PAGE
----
Gold’s performance in the weeks since Covid-19 became a pandemic has been anything but stellar. Prices were volatile, briefly turning lower for the year before climbing to their highest level since late 2012…
The precious metal has been torn between its potential as a haven investment and a mad scramble to sell the tangible asset in a bid for cash to cover losses in the stock market.
“The Covid-19 outbreak has had a major impact on the gold market, bringing massive price swings as investors react to new developments related to the pandemic,” says Steven Dunn, head of exchange-traded funds at Aberdeen Standard Investments.
“Because of Covid-19, refiners were knocked offline…and the ability to move gold became a challenge as normal means of transport became almost impossible,” he says.
The World Health Organization officially declared Covid-19 a pandemic on March 11, but gold prices didn’t immediately rally as many expected, even as the hit to the global economy became apparent with the closure of schools and businesses around the world.
Gold futures GCM20, +3.31% settled at $1,477.90 an ounce on March 18, their lowest finish year to date, before eventually moving up to an intraday high of $1,754.50 on Thursday—the highest intraday mark since November 2012.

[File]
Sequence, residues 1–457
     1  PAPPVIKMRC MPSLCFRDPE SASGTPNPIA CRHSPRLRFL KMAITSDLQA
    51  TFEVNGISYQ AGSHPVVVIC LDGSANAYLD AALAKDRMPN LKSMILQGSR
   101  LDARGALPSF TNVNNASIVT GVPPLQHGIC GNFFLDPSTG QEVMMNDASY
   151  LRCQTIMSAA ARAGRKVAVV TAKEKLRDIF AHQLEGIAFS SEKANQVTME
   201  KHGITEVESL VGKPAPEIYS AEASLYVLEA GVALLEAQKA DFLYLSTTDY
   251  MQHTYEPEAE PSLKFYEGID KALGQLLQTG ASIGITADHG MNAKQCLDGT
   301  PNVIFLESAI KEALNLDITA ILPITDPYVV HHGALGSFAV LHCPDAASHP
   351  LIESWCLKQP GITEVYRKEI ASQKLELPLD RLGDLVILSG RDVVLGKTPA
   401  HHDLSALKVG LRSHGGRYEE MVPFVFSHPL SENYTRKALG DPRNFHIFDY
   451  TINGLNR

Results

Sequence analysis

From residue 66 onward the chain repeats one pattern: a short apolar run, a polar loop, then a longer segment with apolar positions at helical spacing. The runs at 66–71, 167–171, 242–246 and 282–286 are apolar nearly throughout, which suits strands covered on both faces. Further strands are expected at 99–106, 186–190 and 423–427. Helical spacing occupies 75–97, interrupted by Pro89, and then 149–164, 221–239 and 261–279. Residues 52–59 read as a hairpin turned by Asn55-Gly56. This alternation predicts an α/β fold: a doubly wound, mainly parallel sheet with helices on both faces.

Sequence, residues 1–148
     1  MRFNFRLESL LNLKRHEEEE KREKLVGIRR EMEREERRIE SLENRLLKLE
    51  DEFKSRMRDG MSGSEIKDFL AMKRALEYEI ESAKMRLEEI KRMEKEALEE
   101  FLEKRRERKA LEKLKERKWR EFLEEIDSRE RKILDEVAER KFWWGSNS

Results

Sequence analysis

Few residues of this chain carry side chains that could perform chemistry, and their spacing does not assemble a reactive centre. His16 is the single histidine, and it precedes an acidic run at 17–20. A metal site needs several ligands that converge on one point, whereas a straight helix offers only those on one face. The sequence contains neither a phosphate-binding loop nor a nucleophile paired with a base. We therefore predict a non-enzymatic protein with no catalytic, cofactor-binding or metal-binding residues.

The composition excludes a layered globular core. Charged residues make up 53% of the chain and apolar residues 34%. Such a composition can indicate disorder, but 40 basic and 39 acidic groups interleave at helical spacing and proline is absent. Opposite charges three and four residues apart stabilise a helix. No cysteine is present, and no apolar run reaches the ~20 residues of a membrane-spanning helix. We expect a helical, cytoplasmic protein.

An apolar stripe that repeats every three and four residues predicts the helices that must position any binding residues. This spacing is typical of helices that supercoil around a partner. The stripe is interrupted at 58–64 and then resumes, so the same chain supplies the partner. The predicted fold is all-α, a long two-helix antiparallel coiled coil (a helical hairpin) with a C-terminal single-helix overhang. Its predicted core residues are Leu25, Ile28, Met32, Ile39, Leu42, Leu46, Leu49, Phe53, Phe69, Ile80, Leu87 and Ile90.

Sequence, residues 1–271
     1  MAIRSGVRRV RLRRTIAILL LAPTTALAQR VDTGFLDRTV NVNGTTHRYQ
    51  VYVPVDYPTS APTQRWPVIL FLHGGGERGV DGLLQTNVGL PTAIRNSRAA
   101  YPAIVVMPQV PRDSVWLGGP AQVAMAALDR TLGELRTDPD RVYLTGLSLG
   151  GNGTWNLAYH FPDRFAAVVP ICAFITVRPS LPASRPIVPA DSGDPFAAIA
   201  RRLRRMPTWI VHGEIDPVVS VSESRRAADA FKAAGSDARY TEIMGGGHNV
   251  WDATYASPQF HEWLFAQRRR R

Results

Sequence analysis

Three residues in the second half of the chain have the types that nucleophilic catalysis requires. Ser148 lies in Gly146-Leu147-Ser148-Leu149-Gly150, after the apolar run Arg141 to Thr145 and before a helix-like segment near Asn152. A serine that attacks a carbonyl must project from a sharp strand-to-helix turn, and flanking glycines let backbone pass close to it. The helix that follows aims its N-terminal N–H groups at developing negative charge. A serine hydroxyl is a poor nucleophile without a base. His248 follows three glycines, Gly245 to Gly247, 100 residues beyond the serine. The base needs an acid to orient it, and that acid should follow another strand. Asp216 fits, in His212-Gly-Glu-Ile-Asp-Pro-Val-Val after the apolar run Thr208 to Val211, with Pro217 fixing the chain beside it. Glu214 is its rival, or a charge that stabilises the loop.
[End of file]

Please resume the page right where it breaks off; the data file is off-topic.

“Gold usually goes through a shakeout of weak hands before hitting new highs,” says Jeb Handwerger, editor of Gold Stock Trades, which tracks the junior mining exploration and development sector, referring to futures traders who don’t intend to take delivery of the underlying commodity.
Year to date as of Thursday, however, gold is up more than 15%, versus a more than 14% decline in the S&P 500 index SPX, +1.44%.
“Gold is breaking out into new all-time highs against most currencies except the U.S. dollar, which is the strongest fiat currency left,” says Handwerger.
After settling at $1,752.80 on Thursday, prices now trade at about $171 an ounce away from the all-time intraday high of $1,923.70 on Sept. 6, 2011.
“A hold above $1,700 would be very constructive in terms of giving [gold] a boost up to the all-time highs,” but it will “take time” for the metal to reach those levels, says Adam Koos, president of Libertas Wealth Management Group.
“If the aftershock of the Covid-19 virus is a much deeper, wider iceberg under the surface of the economy, then I think we could see an acceleration in buying pressure” on gold, he says.
It’s difficult to imagine an economy that flourishes through the remainder of this year, and for that reason Koos says he expects to see higher gold prices.
He’s reluctant to say prices will reach a record, but he does see a “higher probability” that prices move up to hit all-time highs than drop back toward $1,500 by year-end.
Peter Grosskopf, chief executive of asset manager Sprott, however, believes prices may rise beyond a record. “We are close followers of trading and flows in the bullion markets, as well as the underlying technical analysis, most of which point to gold over $2,000 sometime late this year or early next,” he says.
“There is too much debt at all levels. We have borrowed from the future, and there is not enough economy to pay it down. That equation requires…
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